Ingrid was a Grade 6 girl who chose to investigate “Stringed instruments”. Table 4.16 contains the transcripts of Ingrid’s three videos.
Ingrid’s video transcripts for “Stringed instruments”
Prior knowledge video
Completed explanatory animation
Introducing Ingrid and her topic
Ingrid was known throughout the school for her acting abilities and she had also just landed a job on a TV commercial. Ingrid and I lived on the same block so we often ran into each other at the local park when walking our dogs. Through these informal encounters with Ingrid and her mother, I learned that Ingrid [initially] chose “Cell duplication” as her topic because she wanted something that sounded more academic to round out her school achievements. This proved to be a wise move as Ingrid’s application for a scholarship to a prestigious private high school was approved. Ingrid’s success might have had little to do with her choice of animation topic, but it does show what she was thinking around that time.
The [initial] “Cell duplication” animation was proceeding quite well as Ingrid had identified some of the key variables. Figure 4.21 shows how Ingrid understood that the chromosome divides inside the cell membrane before the membrane divides.
Figure 4.21. “Cell duplication” screen shot 18th August 2011.
It wasn’t until halfway through the project that Ingrid decided to change her topic to “Stringed instruments”. Other children had refined their topics but Ingrid’s new choice was a completely different topic that equated to starting again. This pivotal event was captured in my reflection on the “Lesson plan” for Session 8 (Appendix E):
Session 8 had only half the class present due to a camp. This allowed me to have more time with the remaining four students. I had thought that Ingrid was almost ready for the final construction of her imagery once chromosomes had been investigated a little further. We came across a cell duplication animation at http://www.cellsalive.com/mitosis.htm (accessed 22nd September 2011). This animation was very effective as it also contained video of actual cells duplicating. The various phases of cell duplication could also be played separately as mini video segments to reduce cognitive load. Once we had viewed this animation, there appeared to be only three options open to us:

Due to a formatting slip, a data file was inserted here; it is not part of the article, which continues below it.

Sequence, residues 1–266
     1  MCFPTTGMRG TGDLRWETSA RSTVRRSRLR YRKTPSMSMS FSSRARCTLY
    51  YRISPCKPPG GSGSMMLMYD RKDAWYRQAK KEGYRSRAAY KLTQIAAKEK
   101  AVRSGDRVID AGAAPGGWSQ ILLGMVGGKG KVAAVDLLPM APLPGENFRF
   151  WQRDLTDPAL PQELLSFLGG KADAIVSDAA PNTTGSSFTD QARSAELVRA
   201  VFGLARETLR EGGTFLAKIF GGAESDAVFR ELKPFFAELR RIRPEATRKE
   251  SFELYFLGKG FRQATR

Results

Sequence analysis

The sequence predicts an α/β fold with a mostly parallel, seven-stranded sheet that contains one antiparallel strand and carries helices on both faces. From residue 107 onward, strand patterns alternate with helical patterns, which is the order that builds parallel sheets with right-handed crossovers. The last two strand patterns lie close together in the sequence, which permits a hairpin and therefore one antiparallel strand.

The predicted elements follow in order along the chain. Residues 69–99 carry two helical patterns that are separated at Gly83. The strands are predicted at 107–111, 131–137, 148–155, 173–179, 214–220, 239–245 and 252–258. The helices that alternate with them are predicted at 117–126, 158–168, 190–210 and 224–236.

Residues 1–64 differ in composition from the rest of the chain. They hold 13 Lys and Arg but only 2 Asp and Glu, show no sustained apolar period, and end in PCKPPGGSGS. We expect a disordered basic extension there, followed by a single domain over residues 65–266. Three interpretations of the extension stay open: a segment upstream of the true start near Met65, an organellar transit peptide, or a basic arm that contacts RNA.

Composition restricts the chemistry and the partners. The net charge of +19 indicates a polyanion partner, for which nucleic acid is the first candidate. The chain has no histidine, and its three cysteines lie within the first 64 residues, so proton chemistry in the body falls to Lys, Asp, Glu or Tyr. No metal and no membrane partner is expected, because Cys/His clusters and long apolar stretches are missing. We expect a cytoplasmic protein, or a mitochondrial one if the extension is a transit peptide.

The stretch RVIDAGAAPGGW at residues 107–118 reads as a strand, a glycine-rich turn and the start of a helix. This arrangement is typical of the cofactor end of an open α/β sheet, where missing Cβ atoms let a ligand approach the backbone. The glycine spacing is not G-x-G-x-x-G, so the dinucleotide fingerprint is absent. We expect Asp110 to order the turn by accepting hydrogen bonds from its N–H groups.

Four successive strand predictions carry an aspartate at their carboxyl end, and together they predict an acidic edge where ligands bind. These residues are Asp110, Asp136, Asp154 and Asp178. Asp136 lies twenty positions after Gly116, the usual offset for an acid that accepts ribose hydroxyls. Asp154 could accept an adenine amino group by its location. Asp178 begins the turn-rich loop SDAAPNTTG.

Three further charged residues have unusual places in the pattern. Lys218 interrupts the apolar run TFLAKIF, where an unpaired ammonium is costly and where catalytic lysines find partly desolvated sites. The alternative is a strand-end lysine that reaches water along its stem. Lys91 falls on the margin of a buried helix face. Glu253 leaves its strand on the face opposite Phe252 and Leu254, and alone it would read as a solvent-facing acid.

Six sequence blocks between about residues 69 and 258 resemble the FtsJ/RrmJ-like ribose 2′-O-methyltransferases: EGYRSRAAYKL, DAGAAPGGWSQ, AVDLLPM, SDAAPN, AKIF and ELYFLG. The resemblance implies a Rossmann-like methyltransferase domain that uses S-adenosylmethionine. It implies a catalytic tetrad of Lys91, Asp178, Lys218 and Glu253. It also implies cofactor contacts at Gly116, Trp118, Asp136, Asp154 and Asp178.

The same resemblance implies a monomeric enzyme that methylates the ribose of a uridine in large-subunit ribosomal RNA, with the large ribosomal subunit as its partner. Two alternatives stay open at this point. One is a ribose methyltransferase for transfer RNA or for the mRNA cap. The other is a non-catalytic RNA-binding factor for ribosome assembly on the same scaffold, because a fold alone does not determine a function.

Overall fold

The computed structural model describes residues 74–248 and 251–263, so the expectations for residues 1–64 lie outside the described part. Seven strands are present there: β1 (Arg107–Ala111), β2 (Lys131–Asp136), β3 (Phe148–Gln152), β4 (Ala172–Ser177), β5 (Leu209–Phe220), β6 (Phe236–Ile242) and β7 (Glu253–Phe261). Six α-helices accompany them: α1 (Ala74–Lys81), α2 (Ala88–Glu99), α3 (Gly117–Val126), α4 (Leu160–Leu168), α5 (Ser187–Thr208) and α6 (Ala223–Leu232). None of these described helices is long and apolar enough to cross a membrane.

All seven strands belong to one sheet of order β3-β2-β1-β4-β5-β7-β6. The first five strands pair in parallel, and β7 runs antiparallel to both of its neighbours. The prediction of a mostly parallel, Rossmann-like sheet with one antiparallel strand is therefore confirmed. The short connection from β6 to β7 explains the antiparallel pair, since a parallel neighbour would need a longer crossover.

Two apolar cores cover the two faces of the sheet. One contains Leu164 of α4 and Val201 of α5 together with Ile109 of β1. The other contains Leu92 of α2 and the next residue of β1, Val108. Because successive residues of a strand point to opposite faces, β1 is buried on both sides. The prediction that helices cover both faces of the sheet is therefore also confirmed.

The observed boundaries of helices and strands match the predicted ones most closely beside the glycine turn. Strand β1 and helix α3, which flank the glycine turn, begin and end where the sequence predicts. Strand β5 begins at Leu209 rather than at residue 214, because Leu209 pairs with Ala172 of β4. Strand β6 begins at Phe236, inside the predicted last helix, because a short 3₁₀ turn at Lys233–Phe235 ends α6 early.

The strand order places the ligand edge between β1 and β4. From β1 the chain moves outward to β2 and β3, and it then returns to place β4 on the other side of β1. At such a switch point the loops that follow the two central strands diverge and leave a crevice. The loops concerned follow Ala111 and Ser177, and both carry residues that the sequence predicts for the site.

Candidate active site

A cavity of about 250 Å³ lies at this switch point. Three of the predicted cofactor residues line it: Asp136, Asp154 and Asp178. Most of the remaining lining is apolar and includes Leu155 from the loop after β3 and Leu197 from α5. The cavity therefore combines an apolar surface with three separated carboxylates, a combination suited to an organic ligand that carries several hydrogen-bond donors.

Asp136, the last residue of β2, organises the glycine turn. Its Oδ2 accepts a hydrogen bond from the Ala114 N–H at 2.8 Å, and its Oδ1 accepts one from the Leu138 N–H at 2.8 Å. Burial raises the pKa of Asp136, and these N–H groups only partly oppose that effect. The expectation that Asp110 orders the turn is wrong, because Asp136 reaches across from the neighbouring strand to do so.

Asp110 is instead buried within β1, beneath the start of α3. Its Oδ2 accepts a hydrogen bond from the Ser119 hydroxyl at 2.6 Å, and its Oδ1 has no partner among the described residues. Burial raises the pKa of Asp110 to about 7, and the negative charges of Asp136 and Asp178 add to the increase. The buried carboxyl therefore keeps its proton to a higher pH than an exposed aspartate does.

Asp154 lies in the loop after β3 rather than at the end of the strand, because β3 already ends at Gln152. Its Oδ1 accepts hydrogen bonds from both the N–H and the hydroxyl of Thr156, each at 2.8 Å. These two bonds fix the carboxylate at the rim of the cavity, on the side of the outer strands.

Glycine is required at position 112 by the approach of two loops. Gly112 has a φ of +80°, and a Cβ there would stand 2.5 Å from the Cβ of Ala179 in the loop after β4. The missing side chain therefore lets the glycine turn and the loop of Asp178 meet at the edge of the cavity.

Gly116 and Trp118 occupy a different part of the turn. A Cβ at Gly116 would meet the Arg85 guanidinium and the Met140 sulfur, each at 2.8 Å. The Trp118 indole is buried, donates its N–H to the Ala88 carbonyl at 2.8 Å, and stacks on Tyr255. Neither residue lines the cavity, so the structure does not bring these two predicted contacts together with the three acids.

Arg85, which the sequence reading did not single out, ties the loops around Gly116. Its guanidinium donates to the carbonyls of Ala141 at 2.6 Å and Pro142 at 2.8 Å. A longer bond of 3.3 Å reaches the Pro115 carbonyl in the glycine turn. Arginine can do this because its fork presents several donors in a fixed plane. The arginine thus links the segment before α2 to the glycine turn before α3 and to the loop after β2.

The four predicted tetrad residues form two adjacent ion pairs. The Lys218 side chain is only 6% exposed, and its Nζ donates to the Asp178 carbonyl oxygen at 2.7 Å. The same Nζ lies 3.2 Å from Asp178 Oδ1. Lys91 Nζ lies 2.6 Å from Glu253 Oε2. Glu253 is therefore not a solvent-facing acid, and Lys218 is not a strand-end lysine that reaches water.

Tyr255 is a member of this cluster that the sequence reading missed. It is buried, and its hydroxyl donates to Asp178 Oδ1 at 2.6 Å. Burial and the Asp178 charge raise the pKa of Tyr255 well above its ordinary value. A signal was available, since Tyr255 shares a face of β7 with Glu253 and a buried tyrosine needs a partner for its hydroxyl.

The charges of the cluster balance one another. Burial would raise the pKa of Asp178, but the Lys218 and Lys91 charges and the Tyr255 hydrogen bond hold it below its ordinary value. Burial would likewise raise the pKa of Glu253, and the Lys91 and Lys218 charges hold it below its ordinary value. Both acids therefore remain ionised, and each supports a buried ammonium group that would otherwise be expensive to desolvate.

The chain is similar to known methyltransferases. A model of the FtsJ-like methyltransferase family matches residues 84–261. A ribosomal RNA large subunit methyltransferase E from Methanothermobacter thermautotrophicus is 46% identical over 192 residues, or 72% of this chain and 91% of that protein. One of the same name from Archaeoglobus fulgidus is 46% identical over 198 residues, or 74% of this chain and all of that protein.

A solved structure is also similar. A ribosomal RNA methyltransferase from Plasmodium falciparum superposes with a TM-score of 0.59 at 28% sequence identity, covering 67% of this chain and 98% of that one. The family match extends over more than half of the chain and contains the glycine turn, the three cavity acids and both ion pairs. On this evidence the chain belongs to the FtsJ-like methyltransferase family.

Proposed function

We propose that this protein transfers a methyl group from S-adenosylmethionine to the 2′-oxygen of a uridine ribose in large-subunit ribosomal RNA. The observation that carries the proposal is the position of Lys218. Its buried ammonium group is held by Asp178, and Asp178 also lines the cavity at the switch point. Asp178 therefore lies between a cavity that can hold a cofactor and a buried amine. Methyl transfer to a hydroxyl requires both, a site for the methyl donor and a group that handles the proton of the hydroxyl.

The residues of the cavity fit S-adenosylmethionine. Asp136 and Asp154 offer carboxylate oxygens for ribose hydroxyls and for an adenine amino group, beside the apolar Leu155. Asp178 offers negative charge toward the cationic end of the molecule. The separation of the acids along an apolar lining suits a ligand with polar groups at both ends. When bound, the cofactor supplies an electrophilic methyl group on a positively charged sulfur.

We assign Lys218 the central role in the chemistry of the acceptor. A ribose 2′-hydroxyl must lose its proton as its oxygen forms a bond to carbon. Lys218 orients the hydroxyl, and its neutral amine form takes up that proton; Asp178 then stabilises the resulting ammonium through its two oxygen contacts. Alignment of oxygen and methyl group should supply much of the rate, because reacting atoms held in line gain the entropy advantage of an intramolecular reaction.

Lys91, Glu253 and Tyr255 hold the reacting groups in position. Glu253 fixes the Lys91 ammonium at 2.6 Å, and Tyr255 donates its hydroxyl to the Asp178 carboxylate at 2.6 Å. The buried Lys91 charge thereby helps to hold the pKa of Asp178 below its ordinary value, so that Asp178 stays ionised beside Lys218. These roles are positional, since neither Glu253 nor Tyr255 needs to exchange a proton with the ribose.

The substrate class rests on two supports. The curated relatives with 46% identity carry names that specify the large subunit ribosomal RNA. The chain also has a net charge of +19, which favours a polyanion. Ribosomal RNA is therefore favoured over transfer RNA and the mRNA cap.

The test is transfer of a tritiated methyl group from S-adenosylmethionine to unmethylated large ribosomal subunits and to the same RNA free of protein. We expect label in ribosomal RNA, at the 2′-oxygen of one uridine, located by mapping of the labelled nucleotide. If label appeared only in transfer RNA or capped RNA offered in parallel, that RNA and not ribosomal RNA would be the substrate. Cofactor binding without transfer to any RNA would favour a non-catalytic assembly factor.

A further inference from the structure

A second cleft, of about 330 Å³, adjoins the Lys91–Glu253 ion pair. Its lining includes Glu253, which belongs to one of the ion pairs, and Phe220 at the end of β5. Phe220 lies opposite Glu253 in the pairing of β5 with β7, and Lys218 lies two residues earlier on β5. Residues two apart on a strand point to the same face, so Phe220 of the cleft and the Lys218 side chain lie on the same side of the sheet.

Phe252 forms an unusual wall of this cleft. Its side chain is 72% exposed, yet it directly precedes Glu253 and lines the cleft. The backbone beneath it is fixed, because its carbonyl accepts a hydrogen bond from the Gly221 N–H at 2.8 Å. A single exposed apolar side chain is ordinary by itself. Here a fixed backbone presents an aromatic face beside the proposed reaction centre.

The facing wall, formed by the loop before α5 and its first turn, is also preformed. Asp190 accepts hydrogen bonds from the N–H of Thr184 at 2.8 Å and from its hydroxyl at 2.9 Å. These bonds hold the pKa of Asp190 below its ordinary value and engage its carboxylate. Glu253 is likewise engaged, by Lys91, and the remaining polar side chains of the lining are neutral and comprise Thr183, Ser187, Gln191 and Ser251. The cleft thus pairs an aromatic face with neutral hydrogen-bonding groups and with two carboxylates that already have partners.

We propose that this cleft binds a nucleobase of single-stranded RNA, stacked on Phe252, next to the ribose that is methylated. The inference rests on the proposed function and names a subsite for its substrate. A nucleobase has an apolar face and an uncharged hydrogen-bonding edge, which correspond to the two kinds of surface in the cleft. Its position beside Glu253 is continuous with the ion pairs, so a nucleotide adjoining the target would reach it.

- Recreate a similar animation using the new details we had just learned
- Simplify the animation to make it easier to explain
- Start a new topic
Recreating the animation was not very appealing as it would have been a lot of work with little reward considering that her representational ideas would have been derivative. Simplifying the animation grated against my pedagogical ideals, which were largely informed by Einstein’s guideline to avoid oversimplification.
This left us with only one option, which was to start a new topic. I encouraged Ingrid with the fact that a 2010 Storyboard participant has also successfully changed topics even further into the project. I also mentioned that seven out of eight topics for the current project were scientific so it would be good to have more variety. She then proposed that we do something musical and "Stringed instruments" was soon chosen. This new topic is actually scientific, mathematical and musical (Lesson plans, 22nd September 2011).
Creating the ZPD with Ingrid
“Stringed instruments” was a topic about which I felt confident, due to my usual role as a music teacher. I told Ingrid that frequency is simply mass multiplied by tension. Before the next session, I did some further research to confirm that the formula was as simple as I had presumed. It turned out that the correct formula for measuring frequency was a lot more complicated as shown in Figure 4.22 (http://www.noyceguitars.com/Technotes/Articles/T3.html accessed 25/09/2011).
Figure 4.22. Frequency formula for a vibrating string.